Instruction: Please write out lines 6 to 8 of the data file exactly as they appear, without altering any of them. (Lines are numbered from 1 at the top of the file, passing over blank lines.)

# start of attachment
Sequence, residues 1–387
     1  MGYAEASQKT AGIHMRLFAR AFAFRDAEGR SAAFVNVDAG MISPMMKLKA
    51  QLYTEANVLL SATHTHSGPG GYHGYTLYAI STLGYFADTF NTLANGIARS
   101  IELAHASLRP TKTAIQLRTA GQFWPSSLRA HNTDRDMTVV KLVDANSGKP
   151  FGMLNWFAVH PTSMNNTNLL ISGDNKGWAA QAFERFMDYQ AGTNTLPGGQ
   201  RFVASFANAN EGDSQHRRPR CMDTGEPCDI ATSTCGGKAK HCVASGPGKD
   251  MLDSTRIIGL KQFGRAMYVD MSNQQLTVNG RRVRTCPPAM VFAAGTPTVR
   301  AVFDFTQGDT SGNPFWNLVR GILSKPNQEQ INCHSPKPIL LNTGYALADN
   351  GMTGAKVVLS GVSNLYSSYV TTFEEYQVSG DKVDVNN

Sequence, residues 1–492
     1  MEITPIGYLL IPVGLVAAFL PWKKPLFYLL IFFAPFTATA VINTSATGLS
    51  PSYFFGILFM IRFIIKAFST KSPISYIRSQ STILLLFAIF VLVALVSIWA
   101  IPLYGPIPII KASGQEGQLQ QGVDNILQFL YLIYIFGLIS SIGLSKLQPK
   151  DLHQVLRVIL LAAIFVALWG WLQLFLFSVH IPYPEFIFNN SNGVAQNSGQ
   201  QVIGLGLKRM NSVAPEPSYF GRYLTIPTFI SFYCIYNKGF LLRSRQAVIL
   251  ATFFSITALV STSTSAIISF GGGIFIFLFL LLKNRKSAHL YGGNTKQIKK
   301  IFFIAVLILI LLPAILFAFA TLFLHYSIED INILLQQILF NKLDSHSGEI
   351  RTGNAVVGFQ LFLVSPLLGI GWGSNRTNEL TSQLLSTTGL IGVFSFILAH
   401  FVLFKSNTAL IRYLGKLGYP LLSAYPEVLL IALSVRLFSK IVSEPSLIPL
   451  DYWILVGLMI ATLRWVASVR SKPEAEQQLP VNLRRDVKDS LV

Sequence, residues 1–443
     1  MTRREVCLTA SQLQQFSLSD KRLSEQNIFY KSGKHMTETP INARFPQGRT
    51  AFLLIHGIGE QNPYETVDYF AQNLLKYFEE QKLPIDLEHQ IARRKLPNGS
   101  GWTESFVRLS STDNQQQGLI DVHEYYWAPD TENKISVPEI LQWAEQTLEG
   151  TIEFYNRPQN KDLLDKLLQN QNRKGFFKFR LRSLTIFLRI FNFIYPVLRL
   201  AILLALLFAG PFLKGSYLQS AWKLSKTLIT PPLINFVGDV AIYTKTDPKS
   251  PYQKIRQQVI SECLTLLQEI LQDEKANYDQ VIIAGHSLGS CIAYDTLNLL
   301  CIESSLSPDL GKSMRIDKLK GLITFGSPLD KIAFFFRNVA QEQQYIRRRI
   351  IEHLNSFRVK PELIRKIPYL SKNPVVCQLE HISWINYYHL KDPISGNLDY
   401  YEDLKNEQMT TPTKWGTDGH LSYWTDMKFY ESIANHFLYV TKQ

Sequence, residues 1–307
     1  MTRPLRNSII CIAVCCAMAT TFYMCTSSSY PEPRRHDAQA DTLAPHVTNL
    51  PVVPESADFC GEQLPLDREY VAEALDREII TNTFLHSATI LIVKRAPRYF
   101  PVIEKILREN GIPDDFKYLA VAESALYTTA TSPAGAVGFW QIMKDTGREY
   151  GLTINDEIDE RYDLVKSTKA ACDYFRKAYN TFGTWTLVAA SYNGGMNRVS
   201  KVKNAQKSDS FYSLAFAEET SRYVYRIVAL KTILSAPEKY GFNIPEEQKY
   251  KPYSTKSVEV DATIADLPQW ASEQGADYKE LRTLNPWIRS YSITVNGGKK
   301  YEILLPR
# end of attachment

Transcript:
   201  RFVASFANAN EGDSQHRRPR CMDTGEPCDI ATSTCGGKAK HCVASGPGKD
   251  MLDSTRIIGL KQFGRAMYVD MSNQQLTVNG RRVRTCPPAM VFAAGTPTVR
   301  AVFDFTQGDT SGNPFWNLVR GILSKPNQEQ INCHSPKPIL LNTGYALADN